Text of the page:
The most common source of trust violation in relationships is dishonesty. Damage is done even if lies are not revealed. Lies inevitably beget other lies needed to conceal the truth. Deceit causes distance and guilt. The antidote is, to tell the truth. While honesty is an essential first step in the process of repair, it alone is not enough to bring back the lost integrity. Integrity has to do with walking your talk embodying the truth, living from your core principles and values, and aligning your words, actions, and values.

If you have violated any agreements, your partner will need to see evidence that you have taken your commitment to live in integrity to heart. It will take time for them to begin to trust that they can count on you to keep your word. You both need to be patient with yourselves, with each other, and with the process. Repairing damaged trust often takes longer than we expect that it should be.

Trust is easily damaged when we lapse into old patterns, and deep trust takes time and effort to cultivate. The good news is that with a clear intention to establish high levels of trust, it becomes possible to not only restore trust but to elevate it to an even higher level than it had previously been before it broke down.

Lapses in the trust are likely to occur. Try to resist the temptation to justify such lapses by making amends. They do occasionally reoccur, these breakdowns will do so with decreasing frequency, and the harm they cause will be repaired quickly. Once you’ve mastered the art of trust-building and trust repair, deal-breakers become a thing of the past. And you can trust us on that one!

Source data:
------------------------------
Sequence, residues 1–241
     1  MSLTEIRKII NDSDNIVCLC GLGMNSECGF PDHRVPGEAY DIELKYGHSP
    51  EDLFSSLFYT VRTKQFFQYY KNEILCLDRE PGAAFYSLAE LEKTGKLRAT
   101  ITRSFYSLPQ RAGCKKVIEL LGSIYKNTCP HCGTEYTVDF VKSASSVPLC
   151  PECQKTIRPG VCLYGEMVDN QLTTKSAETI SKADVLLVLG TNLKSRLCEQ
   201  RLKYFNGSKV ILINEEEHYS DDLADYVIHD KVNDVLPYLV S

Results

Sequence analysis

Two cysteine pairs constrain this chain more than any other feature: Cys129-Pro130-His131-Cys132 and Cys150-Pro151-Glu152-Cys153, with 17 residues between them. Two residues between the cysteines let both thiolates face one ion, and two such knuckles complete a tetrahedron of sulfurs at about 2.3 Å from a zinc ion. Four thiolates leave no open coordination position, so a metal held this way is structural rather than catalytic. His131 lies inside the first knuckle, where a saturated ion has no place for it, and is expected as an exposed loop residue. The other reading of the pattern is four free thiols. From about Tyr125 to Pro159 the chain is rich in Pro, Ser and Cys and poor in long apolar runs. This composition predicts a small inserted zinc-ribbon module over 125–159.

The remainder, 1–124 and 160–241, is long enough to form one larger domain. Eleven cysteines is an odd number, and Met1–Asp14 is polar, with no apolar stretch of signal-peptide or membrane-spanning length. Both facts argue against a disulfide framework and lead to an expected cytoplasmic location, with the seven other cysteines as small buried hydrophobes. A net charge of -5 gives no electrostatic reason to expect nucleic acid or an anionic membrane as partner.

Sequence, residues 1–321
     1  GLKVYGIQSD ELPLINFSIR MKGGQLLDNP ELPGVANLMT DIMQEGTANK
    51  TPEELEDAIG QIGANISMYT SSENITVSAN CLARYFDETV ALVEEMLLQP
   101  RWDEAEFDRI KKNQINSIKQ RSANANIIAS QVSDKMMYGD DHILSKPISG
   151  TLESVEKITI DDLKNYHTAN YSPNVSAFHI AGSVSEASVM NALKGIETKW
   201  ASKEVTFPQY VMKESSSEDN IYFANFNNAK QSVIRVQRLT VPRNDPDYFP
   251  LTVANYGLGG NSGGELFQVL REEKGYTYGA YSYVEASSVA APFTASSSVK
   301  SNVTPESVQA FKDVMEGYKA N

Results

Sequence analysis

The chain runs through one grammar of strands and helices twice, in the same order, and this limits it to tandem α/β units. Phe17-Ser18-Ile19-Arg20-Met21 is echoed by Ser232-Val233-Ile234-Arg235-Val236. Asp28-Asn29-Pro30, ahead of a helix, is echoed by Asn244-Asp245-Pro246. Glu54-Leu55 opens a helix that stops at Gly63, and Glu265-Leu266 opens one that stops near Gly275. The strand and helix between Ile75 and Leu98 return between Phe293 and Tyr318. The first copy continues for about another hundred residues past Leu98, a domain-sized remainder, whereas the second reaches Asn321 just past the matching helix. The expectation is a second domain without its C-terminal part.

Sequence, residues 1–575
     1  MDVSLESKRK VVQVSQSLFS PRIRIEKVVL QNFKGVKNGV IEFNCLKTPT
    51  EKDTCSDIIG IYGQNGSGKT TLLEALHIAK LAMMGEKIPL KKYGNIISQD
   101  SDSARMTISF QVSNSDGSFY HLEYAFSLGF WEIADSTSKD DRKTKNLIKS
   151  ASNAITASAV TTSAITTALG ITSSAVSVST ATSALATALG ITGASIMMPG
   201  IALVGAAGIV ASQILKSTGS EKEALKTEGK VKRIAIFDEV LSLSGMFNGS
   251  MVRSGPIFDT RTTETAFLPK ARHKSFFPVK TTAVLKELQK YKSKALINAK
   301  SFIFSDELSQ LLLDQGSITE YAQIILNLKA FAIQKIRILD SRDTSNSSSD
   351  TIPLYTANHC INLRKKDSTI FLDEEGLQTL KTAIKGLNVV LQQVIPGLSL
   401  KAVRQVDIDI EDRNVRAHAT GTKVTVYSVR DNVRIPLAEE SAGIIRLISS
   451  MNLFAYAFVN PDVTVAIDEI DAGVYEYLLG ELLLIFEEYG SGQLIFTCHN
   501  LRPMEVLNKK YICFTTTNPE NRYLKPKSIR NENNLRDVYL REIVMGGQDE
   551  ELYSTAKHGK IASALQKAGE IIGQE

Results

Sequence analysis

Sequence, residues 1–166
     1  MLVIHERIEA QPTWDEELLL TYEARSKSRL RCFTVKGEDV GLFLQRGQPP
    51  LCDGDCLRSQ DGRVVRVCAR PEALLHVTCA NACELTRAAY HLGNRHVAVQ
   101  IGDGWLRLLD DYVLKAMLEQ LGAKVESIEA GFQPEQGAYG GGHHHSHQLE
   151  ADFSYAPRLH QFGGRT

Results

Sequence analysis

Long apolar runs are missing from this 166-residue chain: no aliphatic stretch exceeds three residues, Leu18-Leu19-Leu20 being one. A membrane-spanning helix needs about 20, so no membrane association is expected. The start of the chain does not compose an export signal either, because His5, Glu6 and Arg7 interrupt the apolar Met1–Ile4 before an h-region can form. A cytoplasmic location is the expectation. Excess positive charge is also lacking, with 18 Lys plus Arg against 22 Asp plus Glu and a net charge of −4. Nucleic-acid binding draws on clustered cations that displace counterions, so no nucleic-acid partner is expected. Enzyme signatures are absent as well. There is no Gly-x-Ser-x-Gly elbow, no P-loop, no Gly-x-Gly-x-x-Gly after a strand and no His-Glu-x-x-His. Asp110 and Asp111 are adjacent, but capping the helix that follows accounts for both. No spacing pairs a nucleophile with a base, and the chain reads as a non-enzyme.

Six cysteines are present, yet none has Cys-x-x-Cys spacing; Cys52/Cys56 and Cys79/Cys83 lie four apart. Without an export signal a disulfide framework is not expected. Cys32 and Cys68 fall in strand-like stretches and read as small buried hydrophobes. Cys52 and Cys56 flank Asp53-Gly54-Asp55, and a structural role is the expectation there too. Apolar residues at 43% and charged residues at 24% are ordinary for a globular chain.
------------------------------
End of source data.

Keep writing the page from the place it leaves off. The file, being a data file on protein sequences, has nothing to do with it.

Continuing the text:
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A Deal Breaker


Linda Bloom LCSW and Charlie Bloom MSW are considered experts in the field of relationships. They have been married since 1972. They have both been trained as seminar leaders, therapists and relationship counselors and have been working with individuals, couples, and groups since 1975. They have been featured presenters at numerous conferences, universities, and institutions of learning throughout the country and overseas as well. They have appeared on over two hundred radio and TV programs. Linda and Charlie are co-authors of the widely acclaimed books: 101 Things I Wish I Knew When I Got Married: Simple Lessons to Make Love Last (over 100,000 copies sold) Secrets of Great Marriages: Real Truth from Real Couples about Lasting Love, and Happily Ever After...and 39 Other Myths about Love: Breaking Through to the Relationship of Your Dreams. The Blooms are excited to announce the release of their fourth book, That Which Doesn't Kill Us: How One Couple Became Stronger at the Broken Places. They live in Santa Cruz, California, near their two children and three grandchildren. To view our upcoming events and to sign up for our free newsletter, visit our website at:

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APA Reference
Bloom, L. (2020). A Deal Breaker. Psych Central. Retrieved on November 25, 2020, from


Last updated: 27 May 2020
Statement of review: Psych Central does not review the content that appears in our blog network ( prior to publication. All opinions expressed herein are exclusively those of the author alone, and do not reflect the views of the editorial staff or management of Psych Central. Published on All rights reserved.